When seeking savings from retirement benefits and pensions, it can often be easier to trim the former than the latter. Even as San Jose’s Measure B works its way through the legal system, the city is already saving by trimming the other perks offered to pensioners. So far, the City is saving about $12.5 million per year by changing retiree health benefits, a change more easily realized than pension overhaul.
In total, the changing the health benefits is estimated to save the city $400 million from the $3 billion it will owe to its retirees, and the general fund is already benefitting from the switch. From the annual savings, about $6.5 million goes into the general fund to pay for various city services.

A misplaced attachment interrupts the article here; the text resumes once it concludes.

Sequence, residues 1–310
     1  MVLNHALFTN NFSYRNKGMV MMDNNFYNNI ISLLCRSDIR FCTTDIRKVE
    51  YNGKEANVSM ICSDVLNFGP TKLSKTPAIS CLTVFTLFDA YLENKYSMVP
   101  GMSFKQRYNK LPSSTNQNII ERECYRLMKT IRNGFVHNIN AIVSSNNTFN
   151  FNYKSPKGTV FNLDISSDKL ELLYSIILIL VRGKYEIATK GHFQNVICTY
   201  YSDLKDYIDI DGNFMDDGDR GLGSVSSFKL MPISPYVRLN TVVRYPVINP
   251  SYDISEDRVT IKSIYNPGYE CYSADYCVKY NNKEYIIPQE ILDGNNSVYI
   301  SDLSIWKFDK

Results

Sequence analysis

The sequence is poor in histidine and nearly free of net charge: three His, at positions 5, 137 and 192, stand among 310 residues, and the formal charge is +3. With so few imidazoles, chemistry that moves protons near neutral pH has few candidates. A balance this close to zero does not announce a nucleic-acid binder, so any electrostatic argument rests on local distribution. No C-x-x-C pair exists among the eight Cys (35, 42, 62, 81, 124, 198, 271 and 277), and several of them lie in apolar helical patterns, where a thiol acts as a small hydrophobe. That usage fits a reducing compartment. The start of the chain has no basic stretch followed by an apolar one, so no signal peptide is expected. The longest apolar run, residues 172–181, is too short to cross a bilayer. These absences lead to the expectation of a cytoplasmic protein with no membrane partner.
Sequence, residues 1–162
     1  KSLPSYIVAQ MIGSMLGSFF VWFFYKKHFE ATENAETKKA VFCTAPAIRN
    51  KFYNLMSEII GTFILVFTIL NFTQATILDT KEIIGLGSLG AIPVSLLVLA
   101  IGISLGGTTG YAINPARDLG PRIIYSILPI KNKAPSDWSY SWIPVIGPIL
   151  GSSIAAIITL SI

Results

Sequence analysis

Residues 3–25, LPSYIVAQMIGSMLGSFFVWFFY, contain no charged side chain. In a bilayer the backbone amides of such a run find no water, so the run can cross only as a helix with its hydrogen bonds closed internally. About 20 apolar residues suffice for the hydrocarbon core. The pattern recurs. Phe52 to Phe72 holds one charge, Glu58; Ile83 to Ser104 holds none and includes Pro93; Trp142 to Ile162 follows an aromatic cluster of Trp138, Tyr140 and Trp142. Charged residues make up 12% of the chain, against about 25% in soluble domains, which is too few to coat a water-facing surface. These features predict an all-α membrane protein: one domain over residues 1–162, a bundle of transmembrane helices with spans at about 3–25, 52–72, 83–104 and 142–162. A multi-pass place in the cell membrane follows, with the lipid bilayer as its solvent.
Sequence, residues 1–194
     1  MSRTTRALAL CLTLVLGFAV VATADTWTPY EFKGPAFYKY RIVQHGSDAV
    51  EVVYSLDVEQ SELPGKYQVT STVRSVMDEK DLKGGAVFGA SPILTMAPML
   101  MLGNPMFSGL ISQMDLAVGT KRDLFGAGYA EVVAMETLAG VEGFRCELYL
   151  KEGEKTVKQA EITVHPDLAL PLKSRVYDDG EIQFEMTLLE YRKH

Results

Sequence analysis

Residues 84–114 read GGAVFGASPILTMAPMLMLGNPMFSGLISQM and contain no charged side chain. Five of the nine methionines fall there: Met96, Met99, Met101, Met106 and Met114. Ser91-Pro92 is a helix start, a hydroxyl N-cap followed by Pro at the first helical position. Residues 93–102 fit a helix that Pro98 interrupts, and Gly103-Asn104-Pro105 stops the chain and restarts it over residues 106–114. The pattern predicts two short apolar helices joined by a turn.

The City began offering health coverage to retirees in 1986, under a program that promised to provide to retirees the cheapest health plan that is available to employees. At the time, that was an HMO with a $25 copay. The city then adopted a new plan that had a $1,500 deductible and $40 copay, but with 24 percent lower premiums. That meant that if retirees wanted to continue in their HMO, they had to pay the difference, otherwise they could move into the new plan.
In San Jose, health benefits are only 11 to 19 percent funded.
Read the full story at the San Jose Mercury News.